The ten teams were selected in the form of the host nation (England), the top seven teams in ICC rankings as on 30 September 2017 (Australia, Bangladesh, India, New Zealand, Pakistan, South Africa and Sri Lanka) and the two finalists of the 2018 Cricket World Cup Qualifier (Afghanistan and West Indies). Though Zimbabwe and Ireland are Full Members, they do not feature in the 2019 Cricket World Cup.

Short Term Vision and Greed For World Cup

A young sibling cannot get better at a game merely by watching the elder siblings play among themselves. But only by getting an opportunity to play with them. Sadly, playing well meant that the newer teams saw doors closing on them. Apparently, the elder siblings cannot digest a loss to a younger one.

It is well understood that sports play a key role in a country’s development. The contribution of sports in the upbringing of children cannot be emphasized enough. The impact that a role model makes on the aspirations of a nation, far outdoes those which can be quantified by money. Even the infrastructure and ancillary businesses that sprout on account of development of playing facilities, warrant a wider reach of a sport.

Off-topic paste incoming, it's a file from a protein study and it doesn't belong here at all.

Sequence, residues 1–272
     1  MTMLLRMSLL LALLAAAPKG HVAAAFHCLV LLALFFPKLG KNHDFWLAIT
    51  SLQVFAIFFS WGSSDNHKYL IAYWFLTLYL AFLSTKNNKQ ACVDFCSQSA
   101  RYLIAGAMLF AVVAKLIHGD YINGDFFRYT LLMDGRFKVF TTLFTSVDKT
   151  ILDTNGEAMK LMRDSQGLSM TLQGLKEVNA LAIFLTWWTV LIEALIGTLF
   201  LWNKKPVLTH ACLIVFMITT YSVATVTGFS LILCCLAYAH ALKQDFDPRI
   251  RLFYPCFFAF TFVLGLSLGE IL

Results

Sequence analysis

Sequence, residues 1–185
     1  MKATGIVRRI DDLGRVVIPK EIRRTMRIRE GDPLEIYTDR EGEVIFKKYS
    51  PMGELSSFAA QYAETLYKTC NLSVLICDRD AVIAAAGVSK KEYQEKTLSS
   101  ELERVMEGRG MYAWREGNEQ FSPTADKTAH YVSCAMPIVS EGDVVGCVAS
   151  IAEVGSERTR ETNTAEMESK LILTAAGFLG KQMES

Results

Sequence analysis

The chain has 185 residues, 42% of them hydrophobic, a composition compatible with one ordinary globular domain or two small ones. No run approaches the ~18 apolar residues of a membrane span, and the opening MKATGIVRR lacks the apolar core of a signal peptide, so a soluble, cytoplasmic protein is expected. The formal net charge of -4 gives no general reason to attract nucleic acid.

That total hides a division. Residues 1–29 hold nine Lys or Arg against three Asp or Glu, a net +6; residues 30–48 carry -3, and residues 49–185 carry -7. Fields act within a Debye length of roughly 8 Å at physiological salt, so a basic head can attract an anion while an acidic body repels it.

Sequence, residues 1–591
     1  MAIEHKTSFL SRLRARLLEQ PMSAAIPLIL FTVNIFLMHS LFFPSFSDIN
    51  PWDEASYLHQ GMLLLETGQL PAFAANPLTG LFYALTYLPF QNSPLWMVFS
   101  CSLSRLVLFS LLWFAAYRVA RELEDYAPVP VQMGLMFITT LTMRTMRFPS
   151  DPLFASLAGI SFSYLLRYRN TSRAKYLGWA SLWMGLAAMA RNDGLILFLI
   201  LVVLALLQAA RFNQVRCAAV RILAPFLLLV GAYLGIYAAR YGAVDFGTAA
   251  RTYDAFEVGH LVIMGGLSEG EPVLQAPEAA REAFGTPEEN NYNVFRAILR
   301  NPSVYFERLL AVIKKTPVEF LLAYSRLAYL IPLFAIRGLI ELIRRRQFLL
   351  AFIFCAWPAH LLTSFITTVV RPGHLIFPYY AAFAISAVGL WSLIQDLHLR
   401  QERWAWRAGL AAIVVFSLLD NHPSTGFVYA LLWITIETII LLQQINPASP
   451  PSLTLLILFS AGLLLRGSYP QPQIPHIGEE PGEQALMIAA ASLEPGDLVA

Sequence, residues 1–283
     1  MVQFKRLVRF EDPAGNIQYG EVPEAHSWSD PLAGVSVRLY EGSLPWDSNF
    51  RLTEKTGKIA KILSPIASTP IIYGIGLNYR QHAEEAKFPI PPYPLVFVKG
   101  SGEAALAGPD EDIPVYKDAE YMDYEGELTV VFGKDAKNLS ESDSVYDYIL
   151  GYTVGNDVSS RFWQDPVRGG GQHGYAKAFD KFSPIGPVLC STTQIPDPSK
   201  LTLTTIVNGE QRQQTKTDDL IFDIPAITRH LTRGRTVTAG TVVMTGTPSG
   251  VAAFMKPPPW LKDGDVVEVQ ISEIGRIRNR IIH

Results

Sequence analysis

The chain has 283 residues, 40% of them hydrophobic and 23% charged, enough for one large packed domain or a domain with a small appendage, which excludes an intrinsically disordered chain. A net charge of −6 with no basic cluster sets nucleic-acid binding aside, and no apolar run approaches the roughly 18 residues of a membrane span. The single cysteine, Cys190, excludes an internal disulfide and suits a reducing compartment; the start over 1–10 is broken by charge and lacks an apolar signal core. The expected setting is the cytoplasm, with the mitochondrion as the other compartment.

Heroics To The Fore

India’s current cricketers have spoken time and again about how watching Sachin Tendulkar has moulded their fortunes. Sachin, in turn, has talked about his urge to emulate the heroics of India’s 1983 World Cup winning team. Such dreams need to spread across the world and not just to ten countries. The ten-team restriction speaks of the select few’s greed and ICC’s short term vision . What the world needs is not just one extremely powerful BCCI but many cricket boards who flourish in equal proportions.

Ironically, Zimbabwe’s Sikandar Raza, the Man of the Series of the Cricket World Cup Qualifiers 2018 in his acceptance speech said that, “When I started playing cricket, I thought it was to unite countries, players of different background coming together to play this beautiful sport. Unfortunately, you’ll see that’s not going to happen in next year’s World Cup” (Zimbabwe failed to qualify in 2019 World Cup). It is certainly quite a tough pill to swallow.”

Hope the ICC offers an empowering tonic and not a tough pill to its younger children.